Back to the lesser known Swiss marvel, as the temptation to stop in the middle of the groves and take a bite from a juicy apple grew stronger, I felt like Adam, about to be cast down from heaven for a delicious sin. It’s been a while since we first took residence in this Utopian city. Now, nine years and many baskets of forbidden fruits later, my family and I are actually departing this paradise to settle down in Jordan (by the time you read this, we’ll be already home). But not before I conclude the Swiss chapters of these diaries. So, while in motorcycle limbo, recalling biblical tales, I might as well indulge Pope Benedict XVI in his plea for dialogue, made soon after he delivered his controversial lecture last September. Since that event in Germany, His Holiness has made a number of limited retractions and explanations, but never really stated he was sorry for what he had said. Instead, he repeatedly expressed regret about people’s reaction to his quoting of other people’s opinions. To me, this was like someone taking aim and slapping you smack in the face, then saying he was really sorry that you should draw pain from this move of his hand, because none was actually intended. In other words, he is sorry for your reaction, but feels little remorse over his action. In any case, I do agree with His Holiness about the importance of discussing these things in a civilized manner without resorting to vitriol or diatribe. In this vein, the head of the Catholic Church has made a number of factual errors, which if left uncorrected by the Holy See, makes it harder to believe that the Pope was giving his lecture in good faith – no pun intended.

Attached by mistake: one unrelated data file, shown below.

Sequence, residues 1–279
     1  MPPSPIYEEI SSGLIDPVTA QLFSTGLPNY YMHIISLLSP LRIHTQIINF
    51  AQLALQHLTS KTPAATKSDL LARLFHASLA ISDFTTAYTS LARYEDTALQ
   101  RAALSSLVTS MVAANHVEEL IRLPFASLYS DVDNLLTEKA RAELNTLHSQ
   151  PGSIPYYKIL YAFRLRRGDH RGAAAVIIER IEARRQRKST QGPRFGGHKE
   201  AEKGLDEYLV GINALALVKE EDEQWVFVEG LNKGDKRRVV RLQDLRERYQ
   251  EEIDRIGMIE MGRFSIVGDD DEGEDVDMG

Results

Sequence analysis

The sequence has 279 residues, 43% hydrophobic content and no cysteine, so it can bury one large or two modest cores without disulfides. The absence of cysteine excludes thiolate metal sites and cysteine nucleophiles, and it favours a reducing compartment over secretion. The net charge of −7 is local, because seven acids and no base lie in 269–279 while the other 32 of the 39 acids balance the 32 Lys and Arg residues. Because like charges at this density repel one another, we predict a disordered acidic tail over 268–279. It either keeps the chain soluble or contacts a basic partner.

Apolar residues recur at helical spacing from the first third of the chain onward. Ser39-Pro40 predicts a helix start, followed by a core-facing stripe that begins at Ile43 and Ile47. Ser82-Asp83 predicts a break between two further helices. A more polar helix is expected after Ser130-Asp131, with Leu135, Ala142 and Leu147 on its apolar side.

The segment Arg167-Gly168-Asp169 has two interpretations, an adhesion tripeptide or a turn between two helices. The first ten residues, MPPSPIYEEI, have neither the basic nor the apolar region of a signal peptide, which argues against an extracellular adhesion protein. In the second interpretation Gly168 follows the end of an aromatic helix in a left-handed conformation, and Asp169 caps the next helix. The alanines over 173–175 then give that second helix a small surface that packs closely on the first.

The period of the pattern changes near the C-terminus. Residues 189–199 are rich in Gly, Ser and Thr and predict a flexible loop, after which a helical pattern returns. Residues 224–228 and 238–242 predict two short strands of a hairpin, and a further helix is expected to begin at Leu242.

For example, did the Pope really not know that the Quranic verse “Let there be no compulsion in religion” was revealed in Medina towards the later stages, when Muhammad was a powerful head of state, and not in the early period in Mecca when he was weak and persecuted, as the Pope had claimed? If he did know this fact, then we have a problem. But if he did not, then we have a greater problem, for how can such a slip come from the supposedly infallible head of the world’s largest religion when publicly referring to the world’s second largest? Indeed, how did the Pope not know that when Muhammad entered Mecca as a victorious conqueror after long years of forced exile, he did not shed a drop of his tormentors’ blood? On the contrary, the legendary forgiveness bestowed upon those very people who drove Muhammad from his home and were bent on killing him was immortalized when he declared, upon entering the holy city, that those who stayed indoors or took shelter in the house of Abu Sufian, his defeated arch enemy, shall be safe. The prophet then addressed the leaders of the vanquished city and their followers, absolving them “Go, for you are free”. Contrary to what the Pope had implied, forced conversions had never taken place in the history of Islam, during Muhammad’s life or after his death. All the military conquests by Muslims that followed were political in nature, gaining territory and resources from competing super powers. Muslim armies, when compared to other nations, were the most benevolent in victory, and Muslim administration the most enlightened, thus winning the hearts and minds of the people. No one was ever forced to become a Muslim by the sword or by anything else.